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The weird LeBron James charge that got overturned has actually happened before

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This was strange, but it’s actually happened before.

NBA: Finals-Cleveland Cavaliers at Golden State Warriors Cary Edmondson-USA TODAY Sports

You’ll probably remember Game 1 of the 2018 NBA Finals for J.R. Smith’s hilarious mental gaffe at the end of regulation. If you don’t remember it for that, you’ll remember it for a strange moment in the final minute of regulation when Kevin Durant was called for an offensive foul, only for it to be overturned after referee Mike Callahan called for a review.

Durant made the two free throws to tie the game, one the Warriors eventually won in overtime.

Cavaliers fans are pissed. Cavaliers coach Tyronn Lue was pissed.

“It’s never been done before where you know he’s outside the restricted area, and then you go over there and overturn the ball and say it’s a block, it’s never been done in the history of the game,” Lue said at one point.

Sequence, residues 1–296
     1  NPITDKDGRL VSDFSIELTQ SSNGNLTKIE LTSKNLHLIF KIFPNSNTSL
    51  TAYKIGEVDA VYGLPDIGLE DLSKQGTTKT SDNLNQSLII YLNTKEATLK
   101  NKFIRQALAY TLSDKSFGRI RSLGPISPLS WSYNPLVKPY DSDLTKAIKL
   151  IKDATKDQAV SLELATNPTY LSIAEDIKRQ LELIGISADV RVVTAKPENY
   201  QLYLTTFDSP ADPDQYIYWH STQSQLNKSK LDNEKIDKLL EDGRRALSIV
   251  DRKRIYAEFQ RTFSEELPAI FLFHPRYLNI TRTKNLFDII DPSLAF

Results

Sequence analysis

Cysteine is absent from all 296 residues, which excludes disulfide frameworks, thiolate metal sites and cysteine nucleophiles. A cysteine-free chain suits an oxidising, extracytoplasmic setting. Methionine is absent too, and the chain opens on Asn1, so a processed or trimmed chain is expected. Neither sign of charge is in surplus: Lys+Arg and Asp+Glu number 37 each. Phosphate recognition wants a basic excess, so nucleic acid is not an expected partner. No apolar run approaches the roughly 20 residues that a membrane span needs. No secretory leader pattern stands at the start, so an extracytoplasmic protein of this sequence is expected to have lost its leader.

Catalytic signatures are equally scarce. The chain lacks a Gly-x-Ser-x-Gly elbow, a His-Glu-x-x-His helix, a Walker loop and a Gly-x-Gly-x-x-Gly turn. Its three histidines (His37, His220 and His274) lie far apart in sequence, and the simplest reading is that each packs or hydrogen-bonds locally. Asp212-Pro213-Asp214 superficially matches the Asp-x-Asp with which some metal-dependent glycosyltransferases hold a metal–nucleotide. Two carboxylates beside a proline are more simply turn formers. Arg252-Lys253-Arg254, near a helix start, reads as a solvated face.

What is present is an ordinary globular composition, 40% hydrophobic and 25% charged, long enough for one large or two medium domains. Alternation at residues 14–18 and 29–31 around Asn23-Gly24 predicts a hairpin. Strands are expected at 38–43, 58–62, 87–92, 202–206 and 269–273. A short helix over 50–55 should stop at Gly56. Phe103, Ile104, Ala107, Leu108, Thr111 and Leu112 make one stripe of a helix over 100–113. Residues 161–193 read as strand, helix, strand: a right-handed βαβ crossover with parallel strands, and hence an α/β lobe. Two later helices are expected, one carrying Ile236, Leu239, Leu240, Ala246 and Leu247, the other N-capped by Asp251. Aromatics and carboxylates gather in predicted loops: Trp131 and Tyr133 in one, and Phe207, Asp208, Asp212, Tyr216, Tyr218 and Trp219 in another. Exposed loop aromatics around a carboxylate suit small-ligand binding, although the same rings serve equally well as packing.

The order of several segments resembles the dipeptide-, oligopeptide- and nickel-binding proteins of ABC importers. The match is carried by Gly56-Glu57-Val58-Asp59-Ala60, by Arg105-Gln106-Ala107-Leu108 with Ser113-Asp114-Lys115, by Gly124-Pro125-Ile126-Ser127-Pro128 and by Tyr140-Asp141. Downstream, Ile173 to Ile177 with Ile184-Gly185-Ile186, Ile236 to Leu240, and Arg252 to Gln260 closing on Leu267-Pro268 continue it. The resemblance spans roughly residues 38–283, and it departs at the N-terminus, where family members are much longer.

I understand his anger and confusion. I also understand the significance. I even understand Lue’s prior comments about how weird it is that a replay triggered by one question (in or out of the restricted area) can ultimately lead to answering another question (was the defender in legal guarding position) when it seemed clear James was outside the dotted line. (Tom Ziller went into more detail about all that in Point No. 3 here).

But he’s wrong about this being unprecedented. Here are three times it happened in the last 14 months.

That’s Indiana’s Thaddeus Young plowing into Oklahoma City’s Josh Huestis and getting called for a charge, only for Callahan (yes, the same Mike Callahan!) to trigger the instant replay review and then overturn the call because Huestis wasn’t in a legal guarding position.

That happened in a nationally televised game in December. Paul George’s return to Indiana, remember?

The inverse of this also happened early in the season in a Clippers-Blazers game, on a play that knocked Austin Rivers out for several weeks with a broken finger. (Warning: this is kinda gross).

This was originally called a block, but was later overturned to a charge.

That also happened a couple years ago in a late-season TNT game between the Timberwolves and Warriors, when Golden State was pushing for 73 wins. This was originally called a blocking foul on Stephen Curry, but was overturned to a charge on replay.

Is the rule confusing? Yes. Did the play need to be reviewed? Maybe not. Is it understandable that Lue and other Cavaliers are incensed that cost Cleveland two crucial points. Sure.

But was this call unprecedented? No. It’s happened before and will happen again until the league changes the rule.